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Is probability of default expected to increase with increase in the interest rates set by the central bank?

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    $\begingroup$ One initial point: it matters what currency the country is borrowing in. For example, the Canadian government, borrowing almost entirely in Canadian dollars, faces far less default risk than a developing country that borrows in U.S. dollars. It would be useful to clarify what type of countries you are interested in. $\endgroup$ Sep 24 '18 at 20:07
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The answer depends on the situation for the country in question. Since the answer is correspondingly very large if we covered all cases, I am only attempting to offer an overview of the cases. Feel free to ask follow up questions on more specific questions.

I will cover three important sinplified cases.

  1. “Gold Standard”/“hard currency borrowing”.
  2. Free-floating fiat currency.
  3. Euro area.

(1) The “gold standard” example is not currently of interest, but if you want to look at historical governmental defaults, they were associated with the gold standard, or the countries borrowing in a foreign currency (“hard currency”). (Countries in currency pegs are also in a similar situation.)

In a gold standard, the government’s money in some sense can be converted into gold. Ultimately, it needs to have enough tax revenue in its local currency to force the private sector to turn in enough currency so that the consolidated government (fiscal arm/central bank) can honour the conversion parity. If that level of taxes is not politically sustainable, the government will be forced to default.

The usual operating procedure in a gold standard is for the central bank to raise interest rates to attract gold inflows. However, this raises the interest expense of the government, and so it makes it harder to sustain the gold parity price. So in this case, higher interest rates can raise default rates. However, the causality is ambiguous - the central bank is often forced to raise interest rates to defend the currency value, snd the currency is falling in value because of an expected default. Therefore, one could argue that high interest rates in a currency peg country are the result of an elevated default risk.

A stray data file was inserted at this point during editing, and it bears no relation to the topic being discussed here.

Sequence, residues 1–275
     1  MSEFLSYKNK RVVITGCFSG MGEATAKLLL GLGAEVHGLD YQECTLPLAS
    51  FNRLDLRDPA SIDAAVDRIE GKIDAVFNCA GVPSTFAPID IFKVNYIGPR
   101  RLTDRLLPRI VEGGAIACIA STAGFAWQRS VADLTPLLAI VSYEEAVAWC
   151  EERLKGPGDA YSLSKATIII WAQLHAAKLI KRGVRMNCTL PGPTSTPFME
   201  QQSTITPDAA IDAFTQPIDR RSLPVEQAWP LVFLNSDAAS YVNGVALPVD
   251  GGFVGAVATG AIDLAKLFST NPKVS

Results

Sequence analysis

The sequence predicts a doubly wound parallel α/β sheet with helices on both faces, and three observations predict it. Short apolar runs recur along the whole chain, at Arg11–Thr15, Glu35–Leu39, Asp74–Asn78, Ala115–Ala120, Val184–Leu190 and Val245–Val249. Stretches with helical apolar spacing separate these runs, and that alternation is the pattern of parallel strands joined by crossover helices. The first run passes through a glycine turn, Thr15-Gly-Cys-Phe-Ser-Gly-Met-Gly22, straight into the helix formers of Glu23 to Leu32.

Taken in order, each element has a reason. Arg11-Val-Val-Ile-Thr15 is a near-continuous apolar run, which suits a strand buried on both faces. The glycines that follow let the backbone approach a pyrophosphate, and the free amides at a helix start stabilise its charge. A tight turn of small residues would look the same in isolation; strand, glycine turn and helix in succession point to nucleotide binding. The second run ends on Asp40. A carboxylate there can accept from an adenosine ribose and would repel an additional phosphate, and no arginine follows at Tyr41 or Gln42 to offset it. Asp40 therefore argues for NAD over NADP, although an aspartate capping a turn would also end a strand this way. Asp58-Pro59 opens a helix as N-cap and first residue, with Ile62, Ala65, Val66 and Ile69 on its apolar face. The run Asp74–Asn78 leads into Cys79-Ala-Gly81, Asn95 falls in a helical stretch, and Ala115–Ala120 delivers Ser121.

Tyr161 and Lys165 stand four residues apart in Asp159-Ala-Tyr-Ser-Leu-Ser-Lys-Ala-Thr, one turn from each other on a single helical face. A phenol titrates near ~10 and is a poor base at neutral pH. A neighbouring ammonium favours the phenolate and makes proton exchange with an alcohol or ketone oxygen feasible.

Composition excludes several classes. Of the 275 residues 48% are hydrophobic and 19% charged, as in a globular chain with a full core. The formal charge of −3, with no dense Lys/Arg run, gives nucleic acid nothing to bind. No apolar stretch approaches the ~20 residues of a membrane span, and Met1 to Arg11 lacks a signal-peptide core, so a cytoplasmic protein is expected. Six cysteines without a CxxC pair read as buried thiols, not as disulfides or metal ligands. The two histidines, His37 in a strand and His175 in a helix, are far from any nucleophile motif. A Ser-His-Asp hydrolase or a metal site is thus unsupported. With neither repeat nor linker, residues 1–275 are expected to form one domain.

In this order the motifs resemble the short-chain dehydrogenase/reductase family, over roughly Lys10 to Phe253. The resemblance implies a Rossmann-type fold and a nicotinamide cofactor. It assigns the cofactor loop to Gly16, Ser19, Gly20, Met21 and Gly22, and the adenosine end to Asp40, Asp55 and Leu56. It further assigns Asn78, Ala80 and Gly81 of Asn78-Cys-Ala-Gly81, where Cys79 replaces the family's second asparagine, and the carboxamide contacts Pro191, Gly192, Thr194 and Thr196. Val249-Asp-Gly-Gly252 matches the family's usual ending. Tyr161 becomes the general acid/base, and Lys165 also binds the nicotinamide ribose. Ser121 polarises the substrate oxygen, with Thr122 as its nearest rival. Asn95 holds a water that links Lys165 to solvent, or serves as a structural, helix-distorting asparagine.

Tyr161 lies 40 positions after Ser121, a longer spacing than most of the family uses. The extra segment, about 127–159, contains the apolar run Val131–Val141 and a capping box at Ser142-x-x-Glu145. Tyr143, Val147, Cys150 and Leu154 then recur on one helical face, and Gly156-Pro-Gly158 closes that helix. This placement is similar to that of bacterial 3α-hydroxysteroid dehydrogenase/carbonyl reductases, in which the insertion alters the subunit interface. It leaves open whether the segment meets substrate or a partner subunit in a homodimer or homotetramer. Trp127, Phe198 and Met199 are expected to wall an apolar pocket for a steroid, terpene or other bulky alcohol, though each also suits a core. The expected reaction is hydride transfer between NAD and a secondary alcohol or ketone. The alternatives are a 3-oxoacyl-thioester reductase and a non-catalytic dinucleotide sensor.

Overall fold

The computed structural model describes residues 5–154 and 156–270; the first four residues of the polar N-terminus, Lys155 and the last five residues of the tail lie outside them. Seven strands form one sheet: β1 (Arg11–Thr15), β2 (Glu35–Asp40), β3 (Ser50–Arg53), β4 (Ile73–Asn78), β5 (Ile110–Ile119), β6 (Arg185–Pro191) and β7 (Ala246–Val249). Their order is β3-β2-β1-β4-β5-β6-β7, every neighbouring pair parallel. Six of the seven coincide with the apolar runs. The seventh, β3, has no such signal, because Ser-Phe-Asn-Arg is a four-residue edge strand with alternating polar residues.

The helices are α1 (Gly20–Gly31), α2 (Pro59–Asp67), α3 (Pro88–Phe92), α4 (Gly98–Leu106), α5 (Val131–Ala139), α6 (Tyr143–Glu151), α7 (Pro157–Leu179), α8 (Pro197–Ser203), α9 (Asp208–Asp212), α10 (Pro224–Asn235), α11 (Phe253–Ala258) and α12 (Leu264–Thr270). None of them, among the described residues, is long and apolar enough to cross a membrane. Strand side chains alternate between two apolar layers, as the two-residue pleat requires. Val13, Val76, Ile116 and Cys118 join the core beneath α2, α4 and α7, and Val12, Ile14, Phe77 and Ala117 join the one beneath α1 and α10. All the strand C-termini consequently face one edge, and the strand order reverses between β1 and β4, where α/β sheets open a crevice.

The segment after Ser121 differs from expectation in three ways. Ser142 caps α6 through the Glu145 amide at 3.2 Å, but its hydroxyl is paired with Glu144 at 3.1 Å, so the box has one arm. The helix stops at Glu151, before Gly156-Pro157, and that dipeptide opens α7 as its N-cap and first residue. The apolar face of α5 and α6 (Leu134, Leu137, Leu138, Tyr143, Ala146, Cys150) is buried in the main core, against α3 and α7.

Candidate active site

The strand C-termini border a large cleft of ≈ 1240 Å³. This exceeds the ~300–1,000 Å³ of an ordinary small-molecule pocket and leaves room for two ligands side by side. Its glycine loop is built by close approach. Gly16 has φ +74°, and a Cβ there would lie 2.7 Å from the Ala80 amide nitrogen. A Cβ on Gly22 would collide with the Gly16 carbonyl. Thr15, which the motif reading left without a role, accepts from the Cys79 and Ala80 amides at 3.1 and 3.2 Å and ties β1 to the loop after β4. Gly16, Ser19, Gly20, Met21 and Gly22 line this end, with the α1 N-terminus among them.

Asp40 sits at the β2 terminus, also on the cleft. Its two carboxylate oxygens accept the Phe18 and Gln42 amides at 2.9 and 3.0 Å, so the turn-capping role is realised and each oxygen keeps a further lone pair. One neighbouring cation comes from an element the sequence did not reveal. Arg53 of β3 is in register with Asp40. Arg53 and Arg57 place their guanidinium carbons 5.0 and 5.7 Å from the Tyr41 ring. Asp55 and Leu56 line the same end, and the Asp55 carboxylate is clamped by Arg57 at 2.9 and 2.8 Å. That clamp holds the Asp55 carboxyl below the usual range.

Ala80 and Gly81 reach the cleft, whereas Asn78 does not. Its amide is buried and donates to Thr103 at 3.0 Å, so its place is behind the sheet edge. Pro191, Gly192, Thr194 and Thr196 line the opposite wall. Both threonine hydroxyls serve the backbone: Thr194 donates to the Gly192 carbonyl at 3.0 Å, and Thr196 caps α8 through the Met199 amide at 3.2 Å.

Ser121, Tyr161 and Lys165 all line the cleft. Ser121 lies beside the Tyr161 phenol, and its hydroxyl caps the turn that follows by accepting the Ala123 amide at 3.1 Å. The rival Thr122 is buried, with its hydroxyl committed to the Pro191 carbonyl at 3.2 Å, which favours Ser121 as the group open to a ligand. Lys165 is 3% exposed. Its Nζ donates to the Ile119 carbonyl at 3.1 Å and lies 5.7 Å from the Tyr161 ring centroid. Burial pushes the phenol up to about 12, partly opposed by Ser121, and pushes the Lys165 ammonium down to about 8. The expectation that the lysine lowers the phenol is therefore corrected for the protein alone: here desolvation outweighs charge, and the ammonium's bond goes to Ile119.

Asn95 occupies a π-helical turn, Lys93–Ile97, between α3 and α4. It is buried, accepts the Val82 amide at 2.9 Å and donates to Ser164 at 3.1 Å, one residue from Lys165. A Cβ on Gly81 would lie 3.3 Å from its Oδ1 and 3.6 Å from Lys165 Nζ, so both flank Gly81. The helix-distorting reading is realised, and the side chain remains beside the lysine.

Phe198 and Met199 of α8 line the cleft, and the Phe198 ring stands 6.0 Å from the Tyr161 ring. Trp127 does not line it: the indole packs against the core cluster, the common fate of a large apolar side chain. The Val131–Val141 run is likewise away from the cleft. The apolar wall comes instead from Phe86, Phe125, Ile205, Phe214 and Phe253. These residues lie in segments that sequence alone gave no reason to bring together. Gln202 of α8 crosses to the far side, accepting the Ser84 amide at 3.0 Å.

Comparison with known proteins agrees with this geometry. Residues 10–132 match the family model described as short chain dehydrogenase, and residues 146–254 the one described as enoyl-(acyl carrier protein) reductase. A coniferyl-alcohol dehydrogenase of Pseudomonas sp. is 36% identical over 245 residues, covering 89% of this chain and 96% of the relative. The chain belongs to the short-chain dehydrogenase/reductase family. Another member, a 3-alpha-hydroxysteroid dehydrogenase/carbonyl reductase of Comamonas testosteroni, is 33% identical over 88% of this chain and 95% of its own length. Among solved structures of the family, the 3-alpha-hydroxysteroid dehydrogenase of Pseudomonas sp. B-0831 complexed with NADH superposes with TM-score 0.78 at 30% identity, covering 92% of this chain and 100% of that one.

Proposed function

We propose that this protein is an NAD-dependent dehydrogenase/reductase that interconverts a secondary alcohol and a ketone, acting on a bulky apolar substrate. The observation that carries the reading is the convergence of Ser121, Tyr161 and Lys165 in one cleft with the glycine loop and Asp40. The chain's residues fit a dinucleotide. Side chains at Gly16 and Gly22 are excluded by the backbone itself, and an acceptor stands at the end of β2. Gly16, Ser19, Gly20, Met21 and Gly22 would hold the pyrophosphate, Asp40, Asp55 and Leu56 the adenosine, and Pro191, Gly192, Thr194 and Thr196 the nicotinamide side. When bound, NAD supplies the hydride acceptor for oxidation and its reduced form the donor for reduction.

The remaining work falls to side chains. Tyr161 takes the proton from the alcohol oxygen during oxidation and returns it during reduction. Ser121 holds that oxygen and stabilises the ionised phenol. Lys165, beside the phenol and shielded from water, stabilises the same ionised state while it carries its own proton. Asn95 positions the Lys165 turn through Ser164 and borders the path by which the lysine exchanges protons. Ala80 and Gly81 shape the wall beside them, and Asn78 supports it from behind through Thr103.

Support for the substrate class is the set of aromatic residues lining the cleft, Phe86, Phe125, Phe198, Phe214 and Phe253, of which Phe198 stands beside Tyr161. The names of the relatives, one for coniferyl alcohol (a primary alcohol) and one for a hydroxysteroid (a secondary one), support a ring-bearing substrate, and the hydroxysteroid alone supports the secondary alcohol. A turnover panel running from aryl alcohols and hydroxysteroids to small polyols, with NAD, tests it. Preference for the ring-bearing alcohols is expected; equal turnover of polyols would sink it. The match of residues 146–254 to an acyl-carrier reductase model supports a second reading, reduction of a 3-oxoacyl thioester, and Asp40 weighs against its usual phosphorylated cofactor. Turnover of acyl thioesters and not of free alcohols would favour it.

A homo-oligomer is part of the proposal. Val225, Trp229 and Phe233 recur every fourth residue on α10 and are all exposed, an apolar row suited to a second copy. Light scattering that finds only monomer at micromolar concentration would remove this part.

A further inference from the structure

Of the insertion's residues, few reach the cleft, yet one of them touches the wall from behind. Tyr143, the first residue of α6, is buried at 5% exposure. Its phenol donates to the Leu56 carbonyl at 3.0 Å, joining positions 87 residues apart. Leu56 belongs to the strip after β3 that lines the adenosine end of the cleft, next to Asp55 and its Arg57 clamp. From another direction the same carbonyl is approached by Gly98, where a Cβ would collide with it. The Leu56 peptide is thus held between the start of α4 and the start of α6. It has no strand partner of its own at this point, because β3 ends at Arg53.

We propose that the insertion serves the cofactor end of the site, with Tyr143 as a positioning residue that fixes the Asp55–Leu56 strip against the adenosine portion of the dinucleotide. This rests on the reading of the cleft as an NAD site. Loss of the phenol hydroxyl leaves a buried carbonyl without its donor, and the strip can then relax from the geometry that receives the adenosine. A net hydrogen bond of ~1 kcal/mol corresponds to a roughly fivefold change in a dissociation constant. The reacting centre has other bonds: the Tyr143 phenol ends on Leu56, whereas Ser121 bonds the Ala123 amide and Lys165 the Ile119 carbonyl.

For countries with a currency peg or borrow in a foreign currency, they are in a similar boat, as they need to impose taxes in order to be able to obtain the external instrument.

(2) A floating currency sovereign (e.g. the United States, the United Kingdom, Japan, Canada...) does not attempt to fix the value of its currency versus external instruments. It can create arbitrary amounts of its currency unit without using any real resources. The only real concern is the purchasing power of the currency unit (inflation).

Since there are no external constraints (lack of gold), default is essentially a political decision.

  • There are operating procedures that might entail default (e.g. the debt ceiling in the United States). It is a political decision to not override those procedures.
  • Interest spending may be such a high part of the budget that politicians would rather default than pay the interest.
  • Government debt may be viewed as illegitimate. For example, debts incurred by a radical government that was later overthrown.

High interest rates might help push a country towards default, but that was not the case in the 1970s. The number of defaults of countries in this situation is so low and usually associated with other problems that there are almost no data to draw conclusions from.

3) The euro area is a special case: the currency itself is a fiat currency, but it is under the control of a central bank that is a supranational entity. The euro area nations are not sovereign in the same sense that the federal Government of Canada is, rather they are in a situation similar to a Canadian province.

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Is probability of default expected to increase with increase in the interest rates set by the central bank?

Not necessarily. The central bank's decision to raise interest rates may be sought to curb an overheated economy, to fight inflation, to reduce the prospect of currency depreciation, or to achieve other purposes. As you can see, these purposes have little to do with risk of default.

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